10 May 2010

Theatre of the Absurd

What are we to make of the late-night performance that took place in Brussels yesterday. The sums of money now being dramatically thrown around are different by an order of magnitude from the national budgets of just a couple of years ago. The €750bn euros this deal represents is a grotesquely large sum for governments to promise on our behalf.

The money is not real. It never existed and the bulk of it is 'guarantees'. What is a financial guarantee? It is an empty performance, a simulacrum to cover the absence of any real value being created by many of the European economies, a sideshow to divert public attention from the reality that our national wealth has been ransacked by the financial market and that nothing of any real value remains.

The ministers also apparently offered to buy bad debts from the market in the first round of 'quantitative easing' by the European Central Bank. The UK has injected as much money as it could possibly borrow to keep markets afloat last year; now only the wealthier economies of Europe can produce money to feed the rapacious wolves of the finance markets. As they do this, that money will be sucked into the stock market, causing the same artificial rally we have seen in UK markets over the past year. Their claim that balancing securities will be sold - to waylay German fears of inflation - will be tested in the coming months.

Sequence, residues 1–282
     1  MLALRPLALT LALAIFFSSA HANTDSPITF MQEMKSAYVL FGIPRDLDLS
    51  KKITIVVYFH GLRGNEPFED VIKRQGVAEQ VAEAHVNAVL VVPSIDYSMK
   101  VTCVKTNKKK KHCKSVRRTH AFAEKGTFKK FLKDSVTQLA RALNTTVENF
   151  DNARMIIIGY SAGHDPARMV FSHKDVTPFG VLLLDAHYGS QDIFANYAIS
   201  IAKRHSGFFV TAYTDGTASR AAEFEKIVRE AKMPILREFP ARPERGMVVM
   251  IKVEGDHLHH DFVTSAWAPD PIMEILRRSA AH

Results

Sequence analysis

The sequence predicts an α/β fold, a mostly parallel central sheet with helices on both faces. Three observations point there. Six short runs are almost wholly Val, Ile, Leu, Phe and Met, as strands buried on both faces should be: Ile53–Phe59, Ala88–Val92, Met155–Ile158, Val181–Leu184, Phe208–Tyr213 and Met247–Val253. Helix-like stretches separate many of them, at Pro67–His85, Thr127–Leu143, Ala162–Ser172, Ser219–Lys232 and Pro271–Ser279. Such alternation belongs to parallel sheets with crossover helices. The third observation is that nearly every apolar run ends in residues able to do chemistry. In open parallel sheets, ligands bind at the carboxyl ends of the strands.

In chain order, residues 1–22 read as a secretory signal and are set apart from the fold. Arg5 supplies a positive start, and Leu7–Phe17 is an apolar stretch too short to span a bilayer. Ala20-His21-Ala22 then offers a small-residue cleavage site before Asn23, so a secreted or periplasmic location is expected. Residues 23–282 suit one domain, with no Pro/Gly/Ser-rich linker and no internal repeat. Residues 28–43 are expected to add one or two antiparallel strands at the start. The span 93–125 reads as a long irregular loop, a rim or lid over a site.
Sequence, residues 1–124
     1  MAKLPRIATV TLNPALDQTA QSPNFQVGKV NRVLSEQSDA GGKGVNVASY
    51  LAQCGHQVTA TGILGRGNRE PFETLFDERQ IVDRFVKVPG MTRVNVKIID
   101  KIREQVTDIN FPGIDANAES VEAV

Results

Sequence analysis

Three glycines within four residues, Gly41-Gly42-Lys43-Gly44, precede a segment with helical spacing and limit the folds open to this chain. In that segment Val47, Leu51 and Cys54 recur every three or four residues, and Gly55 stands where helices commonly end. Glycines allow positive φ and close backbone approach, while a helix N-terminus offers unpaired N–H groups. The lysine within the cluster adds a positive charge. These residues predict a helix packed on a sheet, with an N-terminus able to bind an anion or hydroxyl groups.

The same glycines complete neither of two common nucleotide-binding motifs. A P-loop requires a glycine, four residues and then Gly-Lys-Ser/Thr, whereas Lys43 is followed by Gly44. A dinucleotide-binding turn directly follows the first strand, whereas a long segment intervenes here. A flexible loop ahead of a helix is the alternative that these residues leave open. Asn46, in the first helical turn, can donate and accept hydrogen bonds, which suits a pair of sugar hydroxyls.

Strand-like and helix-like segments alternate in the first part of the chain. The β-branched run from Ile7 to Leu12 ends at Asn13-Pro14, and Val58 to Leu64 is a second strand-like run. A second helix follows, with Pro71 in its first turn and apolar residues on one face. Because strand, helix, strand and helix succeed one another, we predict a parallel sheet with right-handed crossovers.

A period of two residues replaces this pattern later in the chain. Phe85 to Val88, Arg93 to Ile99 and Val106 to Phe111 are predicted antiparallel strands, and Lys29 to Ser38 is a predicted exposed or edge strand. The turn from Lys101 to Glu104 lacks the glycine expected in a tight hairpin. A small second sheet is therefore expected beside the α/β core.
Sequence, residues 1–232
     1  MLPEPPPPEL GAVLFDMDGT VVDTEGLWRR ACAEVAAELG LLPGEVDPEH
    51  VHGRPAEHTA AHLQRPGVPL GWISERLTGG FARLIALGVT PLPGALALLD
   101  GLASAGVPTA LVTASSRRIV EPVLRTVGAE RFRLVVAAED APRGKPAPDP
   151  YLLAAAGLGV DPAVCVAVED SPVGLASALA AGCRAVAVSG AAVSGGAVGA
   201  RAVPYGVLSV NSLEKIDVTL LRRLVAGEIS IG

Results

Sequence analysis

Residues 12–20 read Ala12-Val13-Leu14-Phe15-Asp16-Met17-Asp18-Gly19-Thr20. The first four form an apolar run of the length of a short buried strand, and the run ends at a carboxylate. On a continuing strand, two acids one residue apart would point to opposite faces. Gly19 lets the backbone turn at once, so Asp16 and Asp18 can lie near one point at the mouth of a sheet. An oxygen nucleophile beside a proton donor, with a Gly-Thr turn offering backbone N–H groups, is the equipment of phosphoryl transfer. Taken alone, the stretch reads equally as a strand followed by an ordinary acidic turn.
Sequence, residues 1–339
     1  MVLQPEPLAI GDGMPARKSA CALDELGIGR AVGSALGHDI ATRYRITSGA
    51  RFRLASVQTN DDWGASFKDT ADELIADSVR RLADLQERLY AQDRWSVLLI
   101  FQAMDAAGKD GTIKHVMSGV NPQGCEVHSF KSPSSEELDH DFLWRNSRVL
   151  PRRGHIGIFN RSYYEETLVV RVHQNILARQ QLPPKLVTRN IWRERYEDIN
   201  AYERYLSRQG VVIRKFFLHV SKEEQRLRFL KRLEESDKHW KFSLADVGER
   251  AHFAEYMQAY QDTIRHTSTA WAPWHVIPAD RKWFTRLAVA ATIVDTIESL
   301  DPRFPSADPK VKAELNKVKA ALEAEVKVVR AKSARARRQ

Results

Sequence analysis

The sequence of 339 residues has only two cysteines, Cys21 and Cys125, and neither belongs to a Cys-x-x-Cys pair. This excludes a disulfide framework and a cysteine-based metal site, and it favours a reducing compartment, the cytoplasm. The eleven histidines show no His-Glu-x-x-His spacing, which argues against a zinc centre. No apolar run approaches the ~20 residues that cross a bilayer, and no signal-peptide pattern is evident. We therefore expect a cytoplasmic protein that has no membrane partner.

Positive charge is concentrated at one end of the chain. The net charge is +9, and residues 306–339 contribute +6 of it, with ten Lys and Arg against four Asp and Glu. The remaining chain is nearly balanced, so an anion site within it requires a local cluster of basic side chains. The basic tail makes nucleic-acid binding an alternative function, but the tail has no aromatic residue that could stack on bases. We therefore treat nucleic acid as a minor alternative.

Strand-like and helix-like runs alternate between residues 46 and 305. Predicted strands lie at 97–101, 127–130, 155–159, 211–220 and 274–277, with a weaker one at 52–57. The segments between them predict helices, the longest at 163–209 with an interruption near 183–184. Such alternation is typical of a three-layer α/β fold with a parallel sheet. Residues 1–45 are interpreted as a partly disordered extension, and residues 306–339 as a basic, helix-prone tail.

The curious question that must be asked is how can we be in a situation where everybody is in debt all at the same time. If you accept the standard view of money and accounting that would be impossible since a debt must create a parallel credit. The existence of debt in every economy simultaneously is evidence that money itself is created as debt and that, under such a system, debts accumulate until they feed on the very economies that gave rise to them.

This particular drama has distracted attention from our domestic problems. Now that the wounded prey in the Eurozone have attracted a strong monetary defender the wolves will turn their attention back to Britain, as a more likely source of profit. We are likely to have a greyer, more resigned version of the Greek tragedy in which to play a minor role over the coming months.


  1. All countries in the world are in debt save 4. They owe it not to each other, but to the banks. Yet when the banks mess up, countries have to bail the banks out. They have to save the institutions they are in hock to. As you say, it is a theater of the absurd.

  2. A theatre of the absurd, yes.

    But the audience (in the States at least) are growing restless: